I have discovered that it’s really important to give her a reassuring hug and tell her that I love her, but sometimes that’s not enough. Here are a few other tactics which help make daily goodbyes less stressful for my mom:

  • I don’t mention how long I’m going to be gone. Instead of “I’ll see you tomorrow,” I say, “I’ll see you a little later.” Even if I’m going to be gone for a few days, it’s really important to offer her the hope that I will be back soon.
  • If she asks where I’m going, I sometimes say, “I’m going to work, but I’ll be back later.” While I don’t really go to a job, I am not straying far from the truth because I really DO need to go home and get some laundry and housework done.
  • If at all possible, I try to leave when she is resting comfortably in her bed. She may look for her family when she wakes up, but she will be looking for me expectantly, rather than feeling like I have abandoned her.
  • Momma’s comfort item is her dolly. I try to make sure she has it in her lap and is occupied with “Dolly” when I slip away.
  • Snacks help. I sometimes leave a cookie on mom’s windowsill. Even if she sees me walking to my car (her window faces the parking lot), the next thing she will see is her special treat and then all is well.
  • Loving and gentle touches help her relax. You know how it feels when someone plays with your hair, or runs a brush through it? It’s an amazing feeling. I try to be there when mom finishes her twice weekly shower, as she is usually not a particularly willing participant in that activity. The minute she sees me after she is wheeled out of the shower room, she looks SO relieved. I take those post-shower moments to blow-dry her hair and gently brush it.

Aphasia: Word Salad

Momma still likes to exercise her own independence when moving about. It is her right to do so, but it does sometimes result in a fall. Momma had a “doozy” of a fall a few months ago. No one is exactly sure what happened; they just heard her calling “help me” and found her lying on the floor on her side, trying her best to right herself. Thankfully, with a little help, she was able to get back into bed without emergency intervention. In the days following, she was sore and showing signs of having bruised or fractured her tailbone and ribs. I opted not to have her x-rayed, as the results might give us a diagnosis, but would not change the treatment plan. At this stage in her illness, Momma’s plan is for comfort measures only.

Momma (and Dolly) sleep quite a lot these days.

Mom was in a considerable amount of pain following the incident. Hospice recommended we start giving her some stronger medication to help manage the discomfort and quiet her anxiousness. A low dose of morphine was started, but wasn’t particularly effective; plus, mom seemed to have an allergic reaction. Once switched to hydromorphone, she was very sleepy, but pain was much better managed. Before long, Momma was back to tooling around in her wheelchair visiting with the other residents and “borrowing” seemingly abandoned baby-dolls and stuffed animals to care for in her room. That was the “upside” of administering narcotics.

The “downside” is that narcotic medications cause constipation. With an injured tailbone, constipation can become a formidable and painful foe.

Another “downside” is that the medication also makes her more confused – so much so that her speech comes out in an incoherent, rambling, jumble of meaningless words and random thoughts. This confused speech is a condition known in the world of dementia as aphasia and is often referred to as “word salad.” Usually a symptom first noticed in earlier stages of the disease, aphasia makes finding the right word very difficult. It grows progressively worse as the disease marches on, complicating oral and written communication, making interpreting someone else’s words in a conversation or reading a sign frustratingly difficult.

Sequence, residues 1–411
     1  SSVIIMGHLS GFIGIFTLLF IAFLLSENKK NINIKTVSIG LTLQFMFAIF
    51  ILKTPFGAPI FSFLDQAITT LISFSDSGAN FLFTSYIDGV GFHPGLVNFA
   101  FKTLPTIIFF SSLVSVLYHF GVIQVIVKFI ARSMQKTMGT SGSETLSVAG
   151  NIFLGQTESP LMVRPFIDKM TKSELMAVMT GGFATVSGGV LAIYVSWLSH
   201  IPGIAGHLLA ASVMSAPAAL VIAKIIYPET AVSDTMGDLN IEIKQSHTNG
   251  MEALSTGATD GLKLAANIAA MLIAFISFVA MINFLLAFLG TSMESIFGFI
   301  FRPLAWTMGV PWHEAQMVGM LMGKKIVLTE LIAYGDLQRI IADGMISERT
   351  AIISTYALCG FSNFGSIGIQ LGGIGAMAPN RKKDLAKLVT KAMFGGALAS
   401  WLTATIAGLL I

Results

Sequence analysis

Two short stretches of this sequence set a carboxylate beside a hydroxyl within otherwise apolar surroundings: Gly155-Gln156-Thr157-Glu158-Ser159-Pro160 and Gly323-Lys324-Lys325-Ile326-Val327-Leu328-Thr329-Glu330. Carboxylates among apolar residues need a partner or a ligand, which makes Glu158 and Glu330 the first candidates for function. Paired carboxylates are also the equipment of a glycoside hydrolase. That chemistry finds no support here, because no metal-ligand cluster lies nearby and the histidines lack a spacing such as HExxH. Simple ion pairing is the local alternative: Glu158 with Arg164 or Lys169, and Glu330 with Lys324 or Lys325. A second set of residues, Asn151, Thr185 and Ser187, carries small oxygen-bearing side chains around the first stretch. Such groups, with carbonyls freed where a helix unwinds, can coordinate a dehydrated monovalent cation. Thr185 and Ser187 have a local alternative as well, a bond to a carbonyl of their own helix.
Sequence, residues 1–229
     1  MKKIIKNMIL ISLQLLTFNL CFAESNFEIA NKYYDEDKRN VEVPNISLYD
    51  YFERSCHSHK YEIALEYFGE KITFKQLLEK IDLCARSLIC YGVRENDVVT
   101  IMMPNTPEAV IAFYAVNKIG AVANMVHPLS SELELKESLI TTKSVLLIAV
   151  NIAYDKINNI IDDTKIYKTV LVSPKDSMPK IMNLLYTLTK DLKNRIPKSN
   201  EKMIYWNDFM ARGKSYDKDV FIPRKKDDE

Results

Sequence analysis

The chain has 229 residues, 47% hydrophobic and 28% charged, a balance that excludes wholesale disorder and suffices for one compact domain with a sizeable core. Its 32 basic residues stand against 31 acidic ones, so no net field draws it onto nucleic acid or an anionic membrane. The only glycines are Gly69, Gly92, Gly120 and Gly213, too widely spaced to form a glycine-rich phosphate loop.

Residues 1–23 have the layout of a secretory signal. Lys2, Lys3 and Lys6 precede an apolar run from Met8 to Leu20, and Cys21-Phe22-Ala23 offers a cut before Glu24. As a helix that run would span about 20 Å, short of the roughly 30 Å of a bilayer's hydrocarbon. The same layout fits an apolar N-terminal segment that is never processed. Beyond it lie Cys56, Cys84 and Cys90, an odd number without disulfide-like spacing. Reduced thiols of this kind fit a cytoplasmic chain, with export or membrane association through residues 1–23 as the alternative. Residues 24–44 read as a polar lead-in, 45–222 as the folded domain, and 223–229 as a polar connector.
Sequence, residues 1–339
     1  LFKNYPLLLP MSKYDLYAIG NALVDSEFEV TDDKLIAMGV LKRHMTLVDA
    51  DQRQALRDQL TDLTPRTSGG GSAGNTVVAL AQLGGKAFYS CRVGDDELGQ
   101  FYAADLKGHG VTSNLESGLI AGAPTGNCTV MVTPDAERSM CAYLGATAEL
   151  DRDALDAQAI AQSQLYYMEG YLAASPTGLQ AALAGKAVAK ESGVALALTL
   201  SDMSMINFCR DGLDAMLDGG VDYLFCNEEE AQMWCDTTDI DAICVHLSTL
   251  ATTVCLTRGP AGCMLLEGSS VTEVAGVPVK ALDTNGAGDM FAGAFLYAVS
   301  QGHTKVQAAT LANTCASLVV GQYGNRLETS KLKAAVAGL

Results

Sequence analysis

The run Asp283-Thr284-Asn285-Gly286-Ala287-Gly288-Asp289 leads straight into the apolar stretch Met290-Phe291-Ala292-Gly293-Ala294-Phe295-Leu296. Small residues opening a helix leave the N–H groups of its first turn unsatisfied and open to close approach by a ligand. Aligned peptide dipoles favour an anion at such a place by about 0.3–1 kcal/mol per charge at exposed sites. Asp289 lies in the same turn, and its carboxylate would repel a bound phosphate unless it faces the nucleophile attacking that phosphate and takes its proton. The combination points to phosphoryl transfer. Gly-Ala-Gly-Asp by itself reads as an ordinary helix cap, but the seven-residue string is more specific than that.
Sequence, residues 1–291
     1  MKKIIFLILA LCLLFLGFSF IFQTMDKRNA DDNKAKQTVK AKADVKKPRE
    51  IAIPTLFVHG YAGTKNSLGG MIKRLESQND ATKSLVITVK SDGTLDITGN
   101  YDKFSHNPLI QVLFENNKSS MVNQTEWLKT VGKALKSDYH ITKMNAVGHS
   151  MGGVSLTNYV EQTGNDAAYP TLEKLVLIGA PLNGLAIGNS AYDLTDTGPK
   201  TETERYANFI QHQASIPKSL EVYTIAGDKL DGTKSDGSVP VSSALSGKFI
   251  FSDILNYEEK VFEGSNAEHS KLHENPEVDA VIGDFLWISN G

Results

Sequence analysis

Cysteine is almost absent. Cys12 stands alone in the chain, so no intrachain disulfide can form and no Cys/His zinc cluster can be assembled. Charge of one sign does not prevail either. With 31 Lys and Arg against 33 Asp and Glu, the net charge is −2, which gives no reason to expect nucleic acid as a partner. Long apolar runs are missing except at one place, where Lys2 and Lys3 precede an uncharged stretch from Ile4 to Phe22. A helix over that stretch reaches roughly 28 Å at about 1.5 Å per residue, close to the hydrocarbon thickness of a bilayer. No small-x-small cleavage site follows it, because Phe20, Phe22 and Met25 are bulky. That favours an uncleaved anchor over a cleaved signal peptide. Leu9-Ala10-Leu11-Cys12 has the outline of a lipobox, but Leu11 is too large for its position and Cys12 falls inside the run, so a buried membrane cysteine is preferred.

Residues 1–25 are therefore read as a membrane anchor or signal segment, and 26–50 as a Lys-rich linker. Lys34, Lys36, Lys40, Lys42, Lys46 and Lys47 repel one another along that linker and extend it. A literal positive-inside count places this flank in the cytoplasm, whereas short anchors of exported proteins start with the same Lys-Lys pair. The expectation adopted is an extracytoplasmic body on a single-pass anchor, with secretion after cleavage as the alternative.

The most frustrating “downside” is non-stop chatter. Usually fairly quiet and non-conversational at the dinner table, the medication caused Momma to talk non-stop. She barely came up for air between one string of jumbled words and another. Mom’s usual table mates at lunch grew very weary of her nonsensical babbling, with one of them growing impatient enough to take a frustrated swipe at mom then slam her fist down on the table demanding, “Please! Someone just make her be quiet!” Thankfully, the impatient neighbor (not the one pictured below) missed in her effort to lash out at her too-gabby neighbor, and I was able to move mom out of arm’s reach and help her focus on eating her lunch.

It makes me happy that mom still enjoys eating and can (most days) accomplish it without help.

Narcotic medications were not necessary to bring on the word salad of aphasia, as it was already rearing its ugly head along with other symptoms which signaled the progression of Alzheimer’s. The medication just tossed the salad, so to speak. If you would like to learn more about aphasia (and 3 other A’s: amnesia, apraxia and agnosia), I highly recommend reading the article “The 4 A’s of Alzheimer’s Disease.

 

Sharing is Hard!

Each day after lunch, Mom and I usually sit quietly together in her room watching all the goings-on outside of her window. There is so much to see: cars and trucks as they drive in and out, people who come and go, the construction happening next door and (best of all) the birds at the feeders just a few feet away.

Today sweet Carol stopped by for a little after lunch visit. Without a word, Carol took me by the hand, urging me to rise from my chair and take a walk with her. I have taken many such walks with Carol, so gave Momma a quick hug and told her I’d be right back. Carol gave my hand another insistent tug and off we strolled hand-in-hand. As I left the room Momma suddenly addressed our friend Carol in an obviously jealous tone of voice blurting, “Hey! That’s MY Momma!”

Here’s a photo of a sweeter moment for Momma and her friend Carol.

Photo credit: Kathleen Zelinski